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Green Speak

Horticulture topics from gardens to lawns and then some.

How Sweet It Is...The Sweetpotato

There is something about fall that seems to bring me back to one of my favorite vegetables, the sweetpotato. Growing up, we only had sweetpotatoes at Thanksgiving so it wasn't until these past few years I discovered its true potential.

University of Illinois Extension Nutrition and Wellness Educator, Mekenzie Lewis, noted that the Center for Public Interest ranks the sweetpotato as one of the most nutritious vegetables and is an important source of vitamin A, C and B6, iron, potassium, and fiber. In addition the sweetpotato contains virtually no fat and is low in sodium. Mekenzie also mentioned the importance of fiber that the sweetpotato provides. Peter Greenwald, MD, director the Division of Cancer Prevention and Control of the National Cancer Institute believes that the fiber in sweetpotatoes may increase bulk in the colon, thereby "diluting" possible carcinogens that are found in food or which forms during digestion and lowers the risk of colon cancer.

Now that you have a glimpse of the many nutritional benefits of sweetpotatoes, let's move on to how to grow this super veggie. Sweetpotato or Ipomea batatas, is a tender vegetable native to Central and South America that requires a long frost-free growing season to mature. You may have noticed that sweetpotato is one word, not two- this is to distinguish it from true potatoes, which it is not. What is harvested from the sweetpotato is a tuberous root as opposed to a white potato which is a tuber.

Early spring is the time to start sweetpotatoes from plants called "slips". Make sure to order your slips from a reputable seed company, and try to go local if possible. You can make your own slips by taking a fully grown sweetpotato from a reputable source or the supermarket, and bury the bottom three-quarters in moist sand (keyword is moist not saturated). Soon the root will sprout the slips, which are green shoots with exposed roots. Carefully remove the slips and plant them in a cold frame, hot frame, high tunnel or in the garden once all danger of frost is clear.

Sweetpotatoes should be planted in a mound of loose loamy soil that reaches about eight-inches high. Make sure to give your sweetpotatoes plenty of room- as these vining plants prefer to spread and cover the soil. At minimum space them 12-inches apart and three-feet between rows. Some growers in our northern climate use black plastic mulch to warm the soil early in the season and get a head-start on root development.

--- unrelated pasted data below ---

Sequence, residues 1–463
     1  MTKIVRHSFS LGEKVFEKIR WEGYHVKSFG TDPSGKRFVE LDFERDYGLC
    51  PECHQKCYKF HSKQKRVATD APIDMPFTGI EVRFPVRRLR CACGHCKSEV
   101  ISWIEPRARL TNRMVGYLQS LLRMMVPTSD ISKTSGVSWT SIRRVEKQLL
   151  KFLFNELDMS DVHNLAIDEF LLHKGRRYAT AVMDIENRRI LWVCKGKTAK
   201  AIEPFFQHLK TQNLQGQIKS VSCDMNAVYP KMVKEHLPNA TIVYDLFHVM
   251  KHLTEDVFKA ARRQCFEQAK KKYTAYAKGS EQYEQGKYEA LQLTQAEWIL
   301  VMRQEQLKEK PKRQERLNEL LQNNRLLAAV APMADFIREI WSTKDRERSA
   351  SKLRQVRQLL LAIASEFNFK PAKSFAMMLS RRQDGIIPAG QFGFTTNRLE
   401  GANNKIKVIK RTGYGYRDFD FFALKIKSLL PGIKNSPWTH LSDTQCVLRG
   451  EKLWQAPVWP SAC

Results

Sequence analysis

Little care is required once the sweetpotato vines establish themselves. Ensure that you provide even watering, however, don't keep their rootzone constantly wet. Do not water during the last 3 to 4 weeks before harvest to protect the developing roots from splitting.

Wait until after the first frost to harvest your sweetpotatoes- this concentrates the sugars in the roots. Once frost hits you should harvest immediately to keep any decay from spreading aboveground to belowground. If we have a long stretch of cool weather (below 55°F but above freezing) it would be a wise decision to harvest, especially is the plants show cold weather damage. Cure your sweetpotato roots by allowing them to dry on the ground for two to three hours, place in a warm room or high tunnel for 10 to 14 days with a temperature of 85°F and 85% relative humidity. (This can be tough in the fall, but do the best you can) After curing, store in a cool (55°F+), dry location. Properly cured sweetpotatoes should keep the entire winter. Sweetpotatoes are members of the Convolvulaceae or morning glory family, and must be integrated in your crop rotation schedule.

My favorite way to prepare sweetpotatoes is to bake them in a 375°F oven for 45 minutes to an hour (depending on the size). Place your sweetpotato in a cast iron skillet to keep the drippings from making a mess in your oven. After baking I cut open the potato, sprinkle a pinch of kosher salt, and add just a drop of honey to bring out the sweet flavor.

Happy Harvesting!

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